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Boeing orders, deliveries down in September amid ongoing MAX grounding

written by australianaviation.com.au | October 9, 2019

A Boeing 737 MAX in final assembly. (Boeing)
A Boeing 737 MAX in final assembly. (Boeing)

The prolonged grounding of Boeing’s 737 MAX has continued to bite the aerospace manufacturer hard with deliveries down by almost 50 per cent so far in 2019, new figures show.

Boeing’s monthly orders and deliveries figures for September, published on Tuesday (US time), showed the company delivered 302 commercial aircraft delivered in the nine months to September 2019. This was 48 per cent fewer aircraft compared with the 568 delivered in the same period last year.

Aviation analysts now expect Boeing to deliver about 440 aircraft in calendar 2019, close to half the record 806 aircraft delivered in 2018. Before the fatal crash of Ethiopian Airlines flight ET302 in March and led to the global grounding of the 737 MAX, Boeing had targeted about 900 deliveries for calendar 2019.

In addition to deliveries being stopped – completed 737 MAXes have instead been parked – while the type remains grounded, Boeing has also suffered the loss of 90 737 MAX orders following the collapse of Jet Airways earlier in 2019.

Boeing has said previously that it hoped the 737 MAX would resume flying before the end of calendar 2019.


The orders and deliveries figures for September showed a converted order for the 737 MAX from an undisclosed business jet customer, the first order for the type since four in April.

Boeing said it delivered 26 aircraft in September, down from 87 in the same month a year ago. It was in September last year that Lion Air and Ethiopian Airlines took delivery of their ill-fated 737 MAX aircraft.

The first Boeing 737 MAX entering final assembly at Renton. (Boeing)
A 2015 file image of a Boeing 737 MAX on the final assembly line. (Boeing)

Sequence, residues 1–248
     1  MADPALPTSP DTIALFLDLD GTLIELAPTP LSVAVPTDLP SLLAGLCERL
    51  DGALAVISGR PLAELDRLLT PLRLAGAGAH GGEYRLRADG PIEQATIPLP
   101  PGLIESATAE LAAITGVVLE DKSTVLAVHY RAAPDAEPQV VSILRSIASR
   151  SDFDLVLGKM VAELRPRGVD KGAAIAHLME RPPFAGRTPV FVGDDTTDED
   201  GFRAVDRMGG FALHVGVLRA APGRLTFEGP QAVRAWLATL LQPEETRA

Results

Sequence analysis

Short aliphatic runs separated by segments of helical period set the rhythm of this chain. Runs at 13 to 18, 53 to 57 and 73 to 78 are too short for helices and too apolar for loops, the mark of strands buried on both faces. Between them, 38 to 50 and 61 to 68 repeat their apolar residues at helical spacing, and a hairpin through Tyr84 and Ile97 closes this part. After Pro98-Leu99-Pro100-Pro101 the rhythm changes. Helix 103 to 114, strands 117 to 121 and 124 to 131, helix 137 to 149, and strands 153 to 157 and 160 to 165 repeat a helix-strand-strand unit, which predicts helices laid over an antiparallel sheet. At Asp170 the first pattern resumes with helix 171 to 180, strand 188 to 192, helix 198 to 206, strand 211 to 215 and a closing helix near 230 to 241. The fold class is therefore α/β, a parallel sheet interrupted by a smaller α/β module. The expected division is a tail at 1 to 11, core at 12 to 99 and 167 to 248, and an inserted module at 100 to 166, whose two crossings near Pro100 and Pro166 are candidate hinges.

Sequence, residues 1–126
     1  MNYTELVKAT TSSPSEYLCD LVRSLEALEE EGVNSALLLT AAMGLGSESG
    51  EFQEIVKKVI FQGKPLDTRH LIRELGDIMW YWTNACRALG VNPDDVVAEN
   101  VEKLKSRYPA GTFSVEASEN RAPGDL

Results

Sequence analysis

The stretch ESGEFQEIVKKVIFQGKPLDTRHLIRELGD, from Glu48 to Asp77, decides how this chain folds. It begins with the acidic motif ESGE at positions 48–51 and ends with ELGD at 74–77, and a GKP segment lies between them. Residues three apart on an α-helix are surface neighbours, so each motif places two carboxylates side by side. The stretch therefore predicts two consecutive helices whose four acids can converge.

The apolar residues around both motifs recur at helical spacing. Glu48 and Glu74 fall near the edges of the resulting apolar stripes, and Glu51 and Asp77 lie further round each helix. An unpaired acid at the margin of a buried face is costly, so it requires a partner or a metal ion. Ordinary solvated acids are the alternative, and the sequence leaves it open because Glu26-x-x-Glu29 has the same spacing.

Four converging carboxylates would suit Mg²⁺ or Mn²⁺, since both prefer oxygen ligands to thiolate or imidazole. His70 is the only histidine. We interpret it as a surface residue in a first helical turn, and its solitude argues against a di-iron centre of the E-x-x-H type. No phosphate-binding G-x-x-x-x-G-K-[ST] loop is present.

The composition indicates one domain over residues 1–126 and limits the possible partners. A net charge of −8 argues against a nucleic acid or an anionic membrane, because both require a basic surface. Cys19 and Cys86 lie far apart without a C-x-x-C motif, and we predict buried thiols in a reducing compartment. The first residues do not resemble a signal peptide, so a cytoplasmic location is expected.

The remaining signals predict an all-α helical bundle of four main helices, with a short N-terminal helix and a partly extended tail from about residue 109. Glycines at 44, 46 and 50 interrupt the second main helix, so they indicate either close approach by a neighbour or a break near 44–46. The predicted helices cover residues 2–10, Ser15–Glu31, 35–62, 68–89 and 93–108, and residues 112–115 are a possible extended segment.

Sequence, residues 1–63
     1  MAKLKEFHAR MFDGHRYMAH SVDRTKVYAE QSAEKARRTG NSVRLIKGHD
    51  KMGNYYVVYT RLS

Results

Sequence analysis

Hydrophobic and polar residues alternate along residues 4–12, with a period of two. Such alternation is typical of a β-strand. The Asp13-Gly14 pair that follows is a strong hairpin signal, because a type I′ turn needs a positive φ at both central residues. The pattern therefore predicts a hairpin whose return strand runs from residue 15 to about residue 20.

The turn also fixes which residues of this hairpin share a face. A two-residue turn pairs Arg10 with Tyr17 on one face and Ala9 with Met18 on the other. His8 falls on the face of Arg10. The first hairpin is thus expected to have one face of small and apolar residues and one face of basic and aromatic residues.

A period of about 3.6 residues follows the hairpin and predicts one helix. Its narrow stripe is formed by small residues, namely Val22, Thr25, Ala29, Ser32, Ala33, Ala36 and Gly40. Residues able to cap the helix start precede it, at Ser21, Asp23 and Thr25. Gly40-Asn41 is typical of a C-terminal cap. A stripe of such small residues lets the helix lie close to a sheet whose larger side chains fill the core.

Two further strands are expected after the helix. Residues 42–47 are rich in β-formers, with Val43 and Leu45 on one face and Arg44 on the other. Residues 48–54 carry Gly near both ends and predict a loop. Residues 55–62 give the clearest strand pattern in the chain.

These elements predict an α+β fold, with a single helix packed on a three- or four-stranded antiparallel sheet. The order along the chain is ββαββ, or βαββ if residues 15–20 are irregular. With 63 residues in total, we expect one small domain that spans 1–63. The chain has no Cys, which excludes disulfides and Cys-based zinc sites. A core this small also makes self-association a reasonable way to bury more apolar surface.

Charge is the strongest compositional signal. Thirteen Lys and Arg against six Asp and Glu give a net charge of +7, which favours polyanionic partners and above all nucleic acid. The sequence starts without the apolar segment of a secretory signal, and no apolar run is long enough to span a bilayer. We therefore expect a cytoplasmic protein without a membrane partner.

Figures for Boeing on the order front were also grim. In the nine-month period to September net orders were a negative 84.

The negative figure was largely due to MAX cancellations and contractual changes plus the cancellation of 24 787 aircraft.

Also, some totals were adjusted in line with new Accounts Standards Codification (ASC) rules in the United States that relate to the timing of booking revenue from customer contracts.

In the month of September, Boeing had 25 confirmed orders, including eight 787s for Air New Zealand and 15 767 tankers for the United States Air Force.

This was well short of the 65 orders in September 2018.

At the end of September 2019, Boeing’s net delivery backlog stood at 5,487 aircraft made up of 4,406 737s, 19 747s, 105 767s, 428 777s and 529 787s.

A file image of Airbus A350-900 MSN 002 F-WWCF. (Wikimedia Commons/Julian Herzog)
A file image of Airbus A350-900 MSN 002 F-WWCF. (Wikimedia Commons/Julian Herzog)

Airbus reports increase in deliveries for September

It was a happier situation at Airbus, which said on Tuesday (European time) it delivered 71 aircraft to 42 customers in September, up two on the same month a year ago.

This brought total deliveries so far in 2019 to 571.

Airbus said in a statement that it handed over the 9,000th A320 family aircraft in September.

The aerospace giant expected to deliver between 880 and 890 aircraft in calendar 2019. This would require a record fourth quarter tally.

Airbus logged orders in September for 41 wide-body and single aisle jets across its A320neo family, A220 family and A330-900 aircraft.

The Airbus A220-300 lands at Toulouse-Blagnac Airport. (Airbus)
The Airbus A220-300 lands at Toulouse-Blagnac Airport. (Airbus)

This brought its total orders for the nine months to September to 303 gross orders (127 net orders after cancellations).

After taking the latest orders, deliveries and cancellations into account, Airbus said its backlog of jet aircraft remaining to be delivered was 7,133 aircraft at 30 September 2019.

The single-aisle total comprised 5,768 A320s and 435 A220s, while the wide-body total involved 601 A350 XWBs, 278 A330s and 51 A380s.

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